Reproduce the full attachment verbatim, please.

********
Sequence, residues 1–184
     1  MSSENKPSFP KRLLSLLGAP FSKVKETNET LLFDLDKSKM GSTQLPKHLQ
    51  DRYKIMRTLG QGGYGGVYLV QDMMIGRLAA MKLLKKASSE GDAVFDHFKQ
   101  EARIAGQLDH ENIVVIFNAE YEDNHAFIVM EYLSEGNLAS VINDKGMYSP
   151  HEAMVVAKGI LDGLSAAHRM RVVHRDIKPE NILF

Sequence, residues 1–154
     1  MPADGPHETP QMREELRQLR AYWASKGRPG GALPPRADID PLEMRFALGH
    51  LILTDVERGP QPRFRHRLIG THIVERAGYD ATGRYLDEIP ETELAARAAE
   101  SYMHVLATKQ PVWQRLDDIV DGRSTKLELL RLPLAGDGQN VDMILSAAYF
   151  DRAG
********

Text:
Sequence, residues 1–184
     1  MSSENKPSFP KRLLSLLGAP FSKVKETNET LLFDLDKSKM GSTQLPKHLQ
    51  DRYKIMRTLG QGGYGGVYLV QDMMIGRLAA MKLLKKASSE GDAVFDHFKQ
   101  EARIAGQLDH ENIVVIFNAE YEDNHAFIVM EYLSEGNLAS VINDKGMYSP
   151  HEAMVVAKGI LDGLSAAHRM RVVHRDIKPE NILF

Sequence, residues 1–154
     1  MPADGPHETP QMREELRQLR AYWASKGRPG GALPPRADID PLEMRFALGH
    51  LILTDVERGP QPRFRHRLIG THIVERAGYD ATGRYLDEIP ETELAARAAE
   101  SYMHVLATKQ PVWQRLDDIV DGRSTKLELL RLPLAGDGQN VDMILSAAYF
   151  DRAG